Indigenous peoples are leading the global transformation of nature, climate and economy

Posted July 22, 2021

Grupo Ecológico Sierra Gorda IAP, Equator Prize winners from Mexico

It's time for a change. Two years ago, the Financial Times launched its "New Agenda" campaign with a front-page story: "Time for a great reset of the financial system.” Last year, UNDP launched its annual human development report, The Next Frontier: Human Development and the Anthropocene, which concluded that no country could achieve high levels of human development without severely damaging the environment first. Nature and climate were in the spotlight at the High-Level Political Forum on Sustainable Development 2021 over the past few days, as nations discussed sustainable and resilient recovery from the COVID-19 pandemic. Many reports on the decline of nature, such as the Global Assessment Report on Biodiversity and Ecosystem Services, point to one conclusion: It is time for societal change in nature, climate and economics. But what comes first?

Time for transformational change

We can look to governments for guidance on the changes that are needed now. Earlier this year, the G7 climate and environment ministers issued a joint communiqué outlining a number of urgent societal transformations:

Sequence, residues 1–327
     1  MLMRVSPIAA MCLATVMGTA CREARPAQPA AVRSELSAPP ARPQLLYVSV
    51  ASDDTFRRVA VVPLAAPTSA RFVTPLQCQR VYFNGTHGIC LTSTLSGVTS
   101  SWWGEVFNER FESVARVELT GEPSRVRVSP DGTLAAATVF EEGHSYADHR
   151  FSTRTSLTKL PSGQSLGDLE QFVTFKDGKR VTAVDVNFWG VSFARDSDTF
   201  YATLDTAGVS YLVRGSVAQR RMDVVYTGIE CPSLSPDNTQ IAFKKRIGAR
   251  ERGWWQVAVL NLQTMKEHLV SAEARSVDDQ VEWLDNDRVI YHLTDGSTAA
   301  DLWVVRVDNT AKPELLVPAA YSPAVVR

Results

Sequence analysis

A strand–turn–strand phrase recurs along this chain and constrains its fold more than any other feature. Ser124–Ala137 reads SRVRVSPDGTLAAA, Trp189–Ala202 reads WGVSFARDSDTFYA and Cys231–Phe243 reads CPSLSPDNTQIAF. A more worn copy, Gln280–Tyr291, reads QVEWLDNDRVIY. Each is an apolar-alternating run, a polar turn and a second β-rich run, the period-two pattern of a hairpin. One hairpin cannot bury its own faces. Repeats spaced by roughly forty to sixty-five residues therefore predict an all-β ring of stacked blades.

- Incorporating nature into the economy: We must reshape our relationship with nature by recognising and incorporating the values of nature in all sectors, in our economies and our rebuilding efforts. This means mobilising new sources of public and private funding using new tools and means, including voluntary carbon markets and payments for ecosystem services. It also means catalysing a nature-positive green economy, including through micro, small and medium-sized enterprises.

- Implement nature-based climate solutions: We must recognise nature's role in achieving our climate goals. Nature can provide up to 38% of our climate change mitigation goals, but it only accounts for 3% of climate finance. Nature-based climate solutions can store carbon while providing a wide range of cost-effective climate adaptation benefits, and we must ensure that National Climate Targets are committed to nature.

- Promote sustainable resource management: We must rethink the way we produce goods by transforming the way we manage food, fisheries and forests. This means removing deforestation from commodity supply chains and targeting regenerative, climate-resilient agriculture and agroforestry. As part of integrated land-use planning, we must also set ambitious targets to protect and restore ecosystems in order to maintain essential ecosystem services for humanity. But to achieve these goals, we must recognise and support the rights of indigenous peoples and local communities.

These approaches and proposals are not particularly new. However, it is encouraging that many governments recognise the need for policy change. But where can we find guidance on how to change? For examples of such change in practice, we must look in another direction - to the local and indigenous communities around the world who are already leading the way.